But are you so focused on growth in terms of audience size that you forget that the true value of your audience comes from its engagement? In other words, if your follower count is massive, but you can’t get a significant portion of them to take a key action, then is that audience truly valuable?

A lack of focus on your part as a creator is at the core of a poor engagement rate. Sure, your audience loves your content, but none of them can say what you create or the value they receive from you in one sentence.

When I think of my favorite creators, I can usually state why I like them so much. I trust them implicitly and would take their recommendations for anything because they’ve earned my trust, usually through honesty and authenticity.

Podcast expert Lloyd George emphasizes that you don’t need a large following to be a successful creator, sharing, “I make almost $8,000 a month just from content with about 12,000 followers on TikTok." That further proves that you don't need a big following to monetize your content.

So, how can you create deeper relationships with your audience? Focus on creating connections with them. As Jay Acunzo recommends, “The best way to [create connections] is to ensure that your own personal creative fingerprints are all over the work. Infuse your personal perspective, your lived experiences, and your stories, and you become irreplaceable in the eyes of your audience.”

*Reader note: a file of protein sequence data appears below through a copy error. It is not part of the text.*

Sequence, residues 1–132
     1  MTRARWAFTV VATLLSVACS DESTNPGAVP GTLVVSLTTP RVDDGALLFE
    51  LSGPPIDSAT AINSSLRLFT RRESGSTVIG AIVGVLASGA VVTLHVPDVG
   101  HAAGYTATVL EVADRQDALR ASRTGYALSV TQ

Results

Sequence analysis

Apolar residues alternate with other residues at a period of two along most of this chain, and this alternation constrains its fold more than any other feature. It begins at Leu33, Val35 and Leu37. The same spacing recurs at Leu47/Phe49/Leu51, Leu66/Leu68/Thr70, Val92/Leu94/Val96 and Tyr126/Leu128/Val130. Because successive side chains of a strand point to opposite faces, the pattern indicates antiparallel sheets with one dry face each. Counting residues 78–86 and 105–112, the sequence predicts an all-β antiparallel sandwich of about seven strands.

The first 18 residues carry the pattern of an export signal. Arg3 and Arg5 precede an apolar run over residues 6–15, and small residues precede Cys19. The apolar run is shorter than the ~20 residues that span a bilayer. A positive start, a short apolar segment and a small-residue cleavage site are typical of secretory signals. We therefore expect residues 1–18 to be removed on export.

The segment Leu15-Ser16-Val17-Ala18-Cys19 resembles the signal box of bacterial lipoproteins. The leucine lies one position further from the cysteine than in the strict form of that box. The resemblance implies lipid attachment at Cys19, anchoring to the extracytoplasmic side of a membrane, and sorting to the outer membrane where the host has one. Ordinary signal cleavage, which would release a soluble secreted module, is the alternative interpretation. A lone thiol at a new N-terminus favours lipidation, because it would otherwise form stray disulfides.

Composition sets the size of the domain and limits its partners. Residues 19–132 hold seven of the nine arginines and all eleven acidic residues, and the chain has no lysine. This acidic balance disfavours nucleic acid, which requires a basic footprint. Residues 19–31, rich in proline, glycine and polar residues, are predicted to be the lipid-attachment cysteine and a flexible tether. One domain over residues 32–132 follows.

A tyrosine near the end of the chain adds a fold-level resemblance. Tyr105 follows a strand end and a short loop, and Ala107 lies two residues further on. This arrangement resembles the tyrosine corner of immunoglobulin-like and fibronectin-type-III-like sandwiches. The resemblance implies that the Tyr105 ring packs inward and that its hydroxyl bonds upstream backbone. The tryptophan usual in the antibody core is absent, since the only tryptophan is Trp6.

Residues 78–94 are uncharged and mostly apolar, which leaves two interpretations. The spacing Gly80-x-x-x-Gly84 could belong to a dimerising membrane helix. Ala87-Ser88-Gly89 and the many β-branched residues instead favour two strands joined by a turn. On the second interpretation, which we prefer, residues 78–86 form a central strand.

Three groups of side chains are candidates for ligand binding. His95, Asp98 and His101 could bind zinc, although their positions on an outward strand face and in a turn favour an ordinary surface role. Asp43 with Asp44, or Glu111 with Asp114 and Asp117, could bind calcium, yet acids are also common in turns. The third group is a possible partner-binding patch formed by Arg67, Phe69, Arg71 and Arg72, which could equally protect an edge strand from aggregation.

Your content should resonate with a few people first before you start looking at reaching a larger audience. And it’s okay if you can never figure out to expand – resonating deeply with a small audience is better than being ignored by a large one. Elisa Doucette is a great example of having a small but mighty audience.

Her work caters to “driven writers” and if those two words don’t apply to you, you might not be as engaged with her content. But she’s built and sustained a career and business by sticking to her audience. Like Jay says, "Pick your audience, pick your future."

Take control of what happens when you have your audience’s attention

Picture this: you had a video go viral and suddenly have a lot of the attention you’ve been seeking. Even better, it’s attention from the right people! So, what’s next?

Do you continue creating the same type of content, hoping to capitalize on their attention? What happens when a portion of them move on to the next thing? Granted, a portion of them will stick with you post-virality, but you can do more than hope they do.

You need to be prepared with your funnel with or without a viral video. Ayomi Samaraweera hit the viral jackpot early in her start as a TikToker, which she attributes to her immediate niche focus. However, she took action and kept the ball rolling on the virality by reaching out to the networking and careers platform Fishbowl, landing a brand sponsorship with only 2,000 followers at the time.

@ayomitok

You know they’re real ones when they help you escape #greatresignation2022 #corporateamerica #corporatetiktok #nyctech #greatescapes #dreamteamtiktok #careertok